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Abstract Title: Development of computational thinking skills in an introductory physics lab.
Abstract: Computational thinking (CT) is the third pillar of the scientific method along with theory and experimentation and is a fundamental skill that students should be equipped with. Research on CT has only been active for the last 10 years and the integration of CT aspects in instruction is a widely expanding phenomenon in physics classrooms. While there are some descriptions of expert CT skills in the literature, there is a minimal description of novice CT skills and no accepted framework that describe novice behavior.  In this study, we used video data of student group interactions and by using an existing framework of computational modeling processes, we document how novice students engage in tasks that involve CT in an introductory physics lab. We discuss how these results could help instructors and researchers better think about and design instruction that fosters the development of students' CT skills.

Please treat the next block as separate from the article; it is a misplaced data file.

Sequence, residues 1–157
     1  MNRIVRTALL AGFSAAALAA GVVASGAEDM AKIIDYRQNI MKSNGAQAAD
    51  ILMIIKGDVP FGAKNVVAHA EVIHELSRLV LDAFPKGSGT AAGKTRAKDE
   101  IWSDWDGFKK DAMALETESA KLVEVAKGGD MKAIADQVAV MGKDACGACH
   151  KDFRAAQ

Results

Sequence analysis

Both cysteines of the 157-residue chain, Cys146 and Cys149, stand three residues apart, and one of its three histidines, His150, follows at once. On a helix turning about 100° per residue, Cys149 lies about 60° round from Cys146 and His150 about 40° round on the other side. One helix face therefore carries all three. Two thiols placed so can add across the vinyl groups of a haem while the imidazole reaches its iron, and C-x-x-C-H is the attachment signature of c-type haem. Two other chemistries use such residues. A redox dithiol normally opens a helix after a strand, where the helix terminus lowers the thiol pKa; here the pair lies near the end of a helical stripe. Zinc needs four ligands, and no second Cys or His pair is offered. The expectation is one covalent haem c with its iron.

Abstract Type: Contributed Poster Presentation
Session Time: Poster Session III
Poster Number: 3.H2

Author/Organizer Information

Primary Contact: Abigail Flowers
Western Michigan University
and Co-Presenter(s)
Diana Sachmpazidi (Western Michigan University), and Charles Henderson(Western Michigan University)